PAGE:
Award presented to Balos during fair show

| October 2, 2019

Kay and Terry Balo received a 4-H Ambassador Award on Sept. 30 at the Coshocton County Fair. Sheila and Scott Graves presented them with the award during the beef breeding show, feeder calf and market beef show. Josie Sellers | Beacon

COSHOCTON – Elizabeth Sampsel started out showing rabbits, but wanted to work with a bigger animal. The switch brought her to the junior fair’s beef breeding show, feeder calf and market beef show on Sept. 30 at the Coshocton County Fair.

“It’s going good and has turned out a lot better than I expected this year,” Sampsel said. “The hardest part was getting him to put on weight and then he ended up putting on too much weight.”

She was waiting to go in the show ring and so were Jayden and Kaytee Rice. Their feeder calves were born on their grandma and grandpa’s farm.

“Their grandparents George and Bonnie Clark raise and breed cattle,” said Carrie Hamlett, mother of the girls. “It’s a family affair for us.”

Hamlett grew up showing animals and can’t imagine not having her children do it.

“I don’t know any other way to raise my kids,” she said. “We don’t have kids to raise livestock. We have livestock to raise kids. It teaches them morals, values and responsibility. They show pigs too and practiced every night. A lot goes into doing this.”

Elizabeth Sampsel, a member of Ridgewood High School’s FFA, is pictured preparing to show her beef feeder calf on Sept. 30 at the Coshocton County Fair. Josie Sellers | Beacon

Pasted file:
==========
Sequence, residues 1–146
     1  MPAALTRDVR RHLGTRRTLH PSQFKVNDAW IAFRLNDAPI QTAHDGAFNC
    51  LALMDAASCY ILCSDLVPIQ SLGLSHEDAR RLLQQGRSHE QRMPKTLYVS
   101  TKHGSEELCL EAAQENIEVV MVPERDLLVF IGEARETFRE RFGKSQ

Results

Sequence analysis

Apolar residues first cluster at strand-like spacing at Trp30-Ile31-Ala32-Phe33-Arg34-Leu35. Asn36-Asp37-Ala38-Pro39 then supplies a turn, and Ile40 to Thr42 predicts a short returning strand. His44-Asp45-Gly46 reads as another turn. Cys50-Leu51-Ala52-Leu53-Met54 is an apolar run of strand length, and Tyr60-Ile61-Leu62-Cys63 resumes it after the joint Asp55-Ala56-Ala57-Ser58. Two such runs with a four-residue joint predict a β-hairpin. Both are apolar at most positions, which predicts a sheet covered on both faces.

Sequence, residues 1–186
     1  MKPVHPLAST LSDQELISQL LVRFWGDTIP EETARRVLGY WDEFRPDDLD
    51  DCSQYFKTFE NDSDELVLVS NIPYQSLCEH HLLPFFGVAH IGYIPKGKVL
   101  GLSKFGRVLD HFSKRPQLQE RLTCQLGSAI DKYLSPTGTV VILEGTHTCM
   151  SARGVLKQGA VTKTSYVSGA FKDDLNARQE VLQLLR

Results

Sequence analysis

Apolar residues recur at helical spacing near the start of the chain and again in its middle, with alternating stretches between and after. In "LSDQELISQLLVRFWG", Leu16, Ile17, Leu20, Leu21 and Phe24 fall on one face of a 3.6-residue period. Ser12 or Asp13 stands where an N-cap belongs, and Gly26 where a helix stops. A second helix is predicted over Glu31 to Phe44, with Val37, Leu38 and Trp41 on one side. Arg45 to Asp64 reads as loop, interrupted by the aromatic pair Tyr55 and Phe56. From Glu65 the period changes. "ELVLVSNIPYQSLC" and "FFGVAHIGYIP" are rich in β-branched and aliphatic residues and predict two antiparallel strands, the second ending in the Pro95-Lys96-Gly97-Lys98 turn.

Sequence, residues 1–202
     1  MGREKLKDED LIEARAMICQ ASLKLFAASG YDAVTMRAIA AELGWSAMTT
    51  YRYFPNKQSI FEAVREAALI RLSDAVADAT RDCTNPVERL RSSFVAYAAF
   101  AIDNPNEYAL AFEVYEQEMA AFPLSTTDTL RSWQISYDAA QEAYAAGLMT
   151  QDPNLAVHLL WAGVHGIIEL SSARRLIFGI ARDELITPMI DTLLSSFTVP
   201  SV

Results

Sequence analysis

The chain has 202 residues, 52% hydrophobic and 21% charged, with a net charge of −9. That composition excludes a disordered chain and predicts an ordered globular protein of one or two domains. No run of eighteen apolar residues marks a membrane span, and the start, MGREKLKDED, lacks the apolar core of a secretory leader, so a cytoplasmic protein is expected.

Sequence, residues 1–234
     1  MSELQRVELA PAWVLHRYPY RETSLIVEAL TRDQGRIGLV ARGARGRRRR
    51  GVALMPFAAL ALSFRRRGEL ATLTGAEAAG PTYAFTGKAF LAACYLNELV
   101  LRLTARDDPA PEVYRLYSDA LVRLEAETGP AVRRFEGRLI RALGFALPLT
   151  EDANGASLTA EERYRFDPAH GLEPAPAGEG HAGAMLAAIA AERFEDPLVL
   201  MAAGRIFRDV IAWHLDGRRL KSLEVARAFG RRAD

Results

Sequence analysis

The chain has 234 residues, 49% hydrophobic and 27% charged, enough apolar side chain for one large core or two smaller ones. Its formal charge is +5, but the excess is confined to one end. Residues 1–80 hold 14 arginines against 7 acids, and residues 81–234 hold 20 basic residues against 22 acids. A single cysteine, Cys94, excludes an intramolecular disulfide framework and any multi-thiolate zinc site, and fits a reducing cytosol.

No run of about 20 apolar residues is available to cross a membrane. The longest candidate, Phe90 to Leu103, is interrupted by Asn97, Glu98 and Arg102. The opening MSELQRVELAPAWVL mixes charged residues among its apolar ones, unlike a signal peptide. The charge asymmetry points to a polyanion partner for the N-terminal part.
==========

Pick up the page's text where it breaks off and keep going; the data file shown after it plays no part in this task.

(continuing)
The show also is a family event for the Balo family. Terry Balo was so busy helping his grandkids, he didn’t even realize the announcers were talking about his family when they shared information about the person receiving a 4-H Ambassador Award.

“I don’t think there is anything better than programs like 4-H, FFA, and Boy Scouts,” Balo said. “They teach kids how to win, the benefits of losing, and how to talk with people. We need more kids in these kinds of programs that help them learn about responsibility and leadership.”

Terry and his wife Kay have supported the Coshocton County 4-H program for nearly half a century. They’ve contributed their time and knowledge for the previous beef preview shows, beef key leaders, 4-H advisory committees, helping with beef evaluations, have made donations toward the junior fair beef program, and have been advisors for Keene Jr. Farmers 4-H Club.

They have sold beef cattle to many youth in Coshocton and surrounding counties. With their knowledge in the beef industry, they have helped teach many young people over the years to learn how to care for and show their beef projects. Terry and Kay also have taught the values of 4-H and farming to their three children and five grandchildren.

“I was totally shocked (by the award),” Kay said. “It was very much appreciated. I had no idea. We just like helping kids.”

Terry and Kay own and operate Echo Hills Farm where they raise Maine Anjou Cattle and hay.

 

 

 

 

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Josie Sellers

About the Author ()

I started my journalism career in 2002 with a daily newspaper chain. After various stops with them, I am happy to be back home! I graduated from Coshocton High School in 1998 and received a Bachelor of Arts in Communication in 2002 from Walsh University. I also earned several awards while working for daily papers, including being honored by Coshocton County’s veterans for the stories I wrote about them. I am honored and ready to once again shine a positive light on Coshocton County. I also am the proud mother of a little girl named Sophia!

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